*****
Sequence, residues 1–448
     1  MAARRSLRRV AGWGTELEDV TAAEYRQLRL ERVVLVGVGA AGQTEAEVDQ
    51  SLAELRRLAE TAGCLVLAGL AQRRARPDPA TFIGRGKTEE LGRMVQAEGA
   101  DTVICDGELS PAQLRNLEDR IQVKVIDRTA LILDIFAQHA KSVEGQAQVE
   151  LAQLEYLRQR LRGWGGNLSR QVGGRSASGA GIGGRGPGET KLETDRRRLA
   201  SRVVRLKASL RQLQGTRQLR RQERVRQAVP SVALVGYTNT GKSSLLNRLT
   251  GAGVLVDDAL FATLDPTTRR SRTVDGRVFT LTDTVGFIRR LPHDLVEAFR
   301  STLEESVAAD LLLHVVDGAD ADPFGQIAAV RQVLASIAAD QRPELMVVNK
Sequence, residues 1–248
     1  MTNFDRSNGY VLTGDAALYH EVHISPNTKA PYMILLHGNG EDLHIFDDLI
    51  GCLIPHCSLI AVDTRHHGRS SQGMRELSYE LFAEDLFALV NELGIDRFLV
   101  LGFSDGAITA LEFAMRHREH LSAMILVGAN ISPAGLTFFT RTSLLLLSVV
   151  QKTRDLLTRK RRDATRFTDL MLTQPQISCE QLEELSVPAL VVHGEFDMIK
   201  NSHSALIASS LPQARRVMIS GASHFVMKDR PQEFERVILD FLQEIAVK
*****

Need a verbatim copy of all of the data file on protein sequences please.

Sequence, residues 1–448
     1  MAARRSLRRV AGWGTELEDV TAAEYRQLRL ERVVLVGVGA AGQTEAEVDQ
    51  SLAELRRLAE TAGCLVLAGL AQRRARPDPA TFIGRGKTEE LGRMVQAEGA
   101  DTVICDGELS PAQLRNLEDR IQVKVIDRTA LILDIFAQHA KSVEGQAQVE
   151  LAQLEYLRQR LRGWGGNLSR QVGGRSASGA GIGGRGPGET KLETDRRRLA
   201  SRVVRLKASL RQLQGTRQLR RQERVRQAVP SVALVGYTNT GKSSLLNRLT
   251  GAGVLVDDAL FATLDPTTRR SRTVDGRVFT LTDTVGFIRR LPHDLVEAFR
   301  STLEESVAAD LLLHVVDGAD ADPFGQIAAV RQVLASIAAD QRPELMVVNK
Sequence, residues 1–248
     1  MTNFDRSNGY VLTGDAALYH EVHISPNTKA PYMILLHGNG EDLHIFDDLI
    51  GCLIPHCSLI AVDTRHHGRS SQGMRELSYE LFAEDLFALV NELGIDRFLV
   101  LGFSDGAITA LEFAMRHREH LSAMILVGAN ISPAGLTFFT RTSLLLLSVV
   151  QKTRDLLTRK RRDATRFTDL MLTQPQISCE QLEELSVPAL VVHGEFDMIK
   201  NSHSALIASS LPQARRVMIS GASHFVMKDR PQEFERVILD FLQEIAVK